Dec 05, 2019

Peak bodies unite before Christmas to warn of looming aged care crisis


Australia’s aged care peak bodies have issued an urgent plea to the government for “urgent funding” to avoid a crisis in the aged care sector.

According to a survey conducted by the peak bodies, around 15 per cent of aged care providers say they may need to close their doors within the next 12 months.

According to the latest StewartBrown report, 53 per cent of aged facilities are operating at a loss. 

And analysis by Leading Age Services Australia (LASA) last month suggests almost 200 residential aged care services, providing care for up to 50,000 people, are at “unacceptably high levels of financial distress”.

The peak bodies banded together are Aged and Community Services Australia (ACSA), Anglicare Australia, Baptist Care Australia, Catholic Health Australia, Leading Age Services Australia (LASA), The Aged Care Guild and UnitingCare Australia.

The group is urging the government to address the risks facing the aged care sector in the Mid-Year Economic and Fiscal Outlook (MYEFO).

$500m “tip of the iceberg”

The government’s recent announcement of $500 million for aged care addresses “only the tip of the iceberg” and is “insufficient to support senior Australians today,” the group said in a statement.

“We are working and standing together to ensure every older Australian in need receives the highest quality of care, without failure.

“The fact is, without further investment, residential facilities – and associated home and community care services – will be lost in the next twelve months,” they said.

The group says the aged care sector can not afford to wait until after the completion of the Royal Commission into Aged Care Quality and Safety.

“We can’t wait it out”

“We don’t think we can just wait it out,” ACSA CEO, Pat Sparrow, told HelloCare.

She said the industry doesn’t want to find itself in a situation where aged care residents are not able to receive the services they need.

Costs in aged care are rising more quickly than revenue, she said, and “it’s going to get worse”.

“We are very concerned,” she told HelloCare.

Families will lose everything

Anton Hutchison, owner of the family-run Canberra Aged Care, told HelloCare urgent action is required.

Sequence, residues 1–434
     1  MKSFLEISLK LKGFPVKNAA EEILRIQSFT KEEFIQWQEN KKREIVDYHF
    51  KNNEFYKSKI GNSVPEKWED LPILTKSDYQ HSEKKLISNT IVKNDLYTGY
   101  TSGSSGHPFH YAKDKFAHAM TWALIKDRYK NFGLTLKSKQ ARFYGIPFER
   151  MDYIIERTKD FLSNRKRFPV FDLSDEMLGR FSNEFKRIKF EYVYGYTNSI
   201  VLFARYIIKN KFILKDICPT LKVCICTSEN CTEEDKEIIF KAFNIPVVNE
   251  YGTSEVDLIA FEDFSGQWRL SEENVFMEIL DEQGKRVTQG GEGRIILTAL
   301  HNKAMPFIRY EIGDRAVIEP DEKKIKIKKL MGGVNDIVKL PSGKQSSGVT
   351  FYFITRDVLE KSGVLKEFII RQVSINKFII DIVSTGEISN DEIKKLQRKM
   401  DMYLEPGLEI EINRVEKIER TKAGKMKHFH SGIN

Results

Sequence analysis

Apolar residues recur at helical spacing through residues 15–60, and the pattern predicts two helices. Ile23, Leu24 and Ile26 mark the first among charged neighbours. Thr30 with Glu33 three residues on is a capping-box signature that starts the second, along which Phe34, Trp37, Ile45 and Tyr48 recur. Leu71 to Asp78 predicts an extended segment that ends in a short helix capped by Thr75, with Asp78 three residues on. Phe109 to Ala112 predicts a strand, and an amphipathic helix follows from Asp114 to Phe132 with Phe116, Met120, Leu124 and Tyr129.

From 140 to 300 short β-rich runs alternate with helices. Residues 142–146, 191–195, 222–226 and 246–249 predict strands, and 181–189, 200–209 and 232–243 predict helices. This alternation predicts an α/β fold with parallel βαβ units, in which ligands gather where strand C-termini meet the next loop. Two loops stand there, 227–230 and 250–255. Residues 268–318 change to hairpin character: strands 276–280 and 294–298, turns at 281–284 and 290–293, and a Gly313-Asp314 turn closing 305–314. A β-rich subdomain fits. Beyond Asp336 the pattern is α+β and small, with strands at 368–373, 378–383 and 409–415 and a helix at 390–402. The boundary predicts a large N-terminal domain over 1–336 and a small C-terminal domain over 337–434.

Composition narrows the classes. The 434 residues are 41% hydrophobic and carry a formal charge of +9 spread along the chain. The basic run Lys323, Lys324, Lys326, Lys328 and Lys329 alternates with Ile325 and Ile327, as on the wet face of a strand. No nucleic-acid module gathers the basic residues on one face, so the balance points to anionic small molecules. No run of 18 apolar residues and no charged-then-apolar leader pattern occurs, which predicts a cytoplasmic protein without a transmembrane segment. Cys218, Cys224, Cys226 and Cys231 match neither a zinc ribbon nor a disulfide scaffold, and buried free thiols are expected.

Sixty-three per cent of aged care operators only have one facility, he said. If that operation fails, “they have lost everything they’ve ever worked for”. Aged care facilities have been changing hands for as little as $1, he said.

Often aged care facilities, such as his own, employ not only a number of staff, but family members too.

Mr Hutchison’s son works in the family business. “He’s worked his butt off and we still can’t pay the bills”, Mr Hutchison said.

The facility is losing $45-$50,000 a month. Despite working in their facility, Mr Hutchison and his wife have not drawn a salary for two years. 

“The way the system is going, we’ll have a Coles/Woolworths duopoly, and then we’ll really have something to complain about,” he told HelloCare.

“We’ve got to do something,” Mr Hutchison said. He suggested “civil disobedience” or strike action may be needed to stir the government into action. “I’m at a loss. It’s quite devastating,” he said.

“This is a crisis”

LASA General Manager Policy and Advocacy, Tim Hicks, told HelloCare that more funding rather than structural change is needed to “keep the ship afloat”.

With the royal commission underway, it was important not to move the goalposts, but if we start to see facilities closing, “that’s going to change the way services are delivered”, he said.

“This is a crisis,” he said, especially in rural and remote areas.

With Aged Care Minister Richard Colbeck saying the government won’t increase funding without getting something in return, Mr Hicks said the industry is ready to have the conversation about what that might mean.

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